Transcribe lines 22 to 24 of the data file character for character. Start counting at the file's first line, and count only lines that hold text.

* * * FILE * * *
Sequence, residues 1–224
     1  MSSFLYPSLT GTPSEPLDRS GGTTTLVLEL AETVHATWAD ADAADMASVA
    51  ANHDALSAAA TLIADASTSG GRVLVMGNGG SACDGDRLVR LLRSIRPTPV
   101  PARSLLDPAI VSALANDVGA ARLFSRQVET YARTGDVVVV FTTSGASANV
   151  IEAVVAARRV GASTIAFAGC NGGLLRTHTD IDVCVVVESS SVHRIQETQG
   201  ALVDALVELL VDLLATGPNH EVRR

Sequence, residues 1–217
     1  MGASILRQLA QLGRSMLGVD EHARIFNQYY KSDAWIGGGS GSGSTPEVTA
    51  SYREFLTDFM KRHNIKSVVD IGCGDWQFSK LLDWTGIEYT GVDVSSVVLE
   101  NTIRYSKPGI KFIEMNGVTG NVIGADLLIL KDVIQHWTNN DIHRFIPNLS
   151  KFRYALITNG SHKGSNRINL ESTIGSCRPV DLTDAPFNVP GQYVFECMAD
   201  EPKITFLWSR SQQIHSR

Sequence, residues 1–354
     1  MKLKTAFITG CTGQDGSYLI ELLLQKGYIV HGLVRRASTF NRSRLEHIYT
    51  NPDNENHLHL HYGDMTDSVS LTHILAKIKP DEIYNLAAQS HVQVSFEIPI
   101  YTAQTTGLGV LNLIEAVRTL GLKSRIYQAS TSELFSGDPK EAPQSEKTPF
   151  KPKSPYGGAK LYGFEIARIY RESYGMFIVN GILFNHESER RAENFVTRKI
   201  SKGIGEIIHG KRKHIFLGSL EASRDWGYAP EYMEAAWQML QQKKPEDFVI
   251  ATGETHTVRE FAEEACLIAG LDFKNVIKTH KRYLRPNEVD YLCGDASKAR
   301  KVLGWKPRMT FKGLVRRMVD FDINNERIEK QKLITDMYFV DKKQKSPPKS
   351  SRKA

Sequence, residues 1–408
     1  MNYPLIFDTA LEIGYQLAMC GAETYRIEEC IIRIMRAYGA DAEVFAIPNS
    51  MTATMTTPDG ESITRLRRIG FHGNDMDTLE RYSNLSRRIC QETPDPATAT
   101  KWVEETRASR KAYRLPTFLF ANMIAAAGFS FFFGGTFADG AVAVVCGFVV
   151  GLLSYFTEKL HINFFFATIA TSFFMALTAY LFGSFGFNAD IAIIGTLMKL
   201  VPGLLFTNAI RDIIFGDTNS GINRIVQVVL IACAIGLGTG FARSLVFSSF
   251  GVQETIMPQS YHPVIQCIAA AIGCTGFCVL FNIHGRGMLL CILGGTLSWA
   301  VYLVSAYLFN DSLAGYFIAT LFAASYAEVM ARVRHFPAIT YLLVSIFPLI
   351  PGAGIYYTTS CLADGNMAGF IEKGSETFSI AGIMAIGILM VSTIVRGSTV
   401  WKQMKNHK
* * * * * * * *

Sequence, residues 1–408
     1  MNYPLIFDTA LEIGYQLAMC GAETYRIEEC IIRIMRAYGA DAEVFAIPNS
    51  MTATMTTPDG ESITRLRRIG FHGNDMDTLE RYSNLSRRIC QETPDPATAT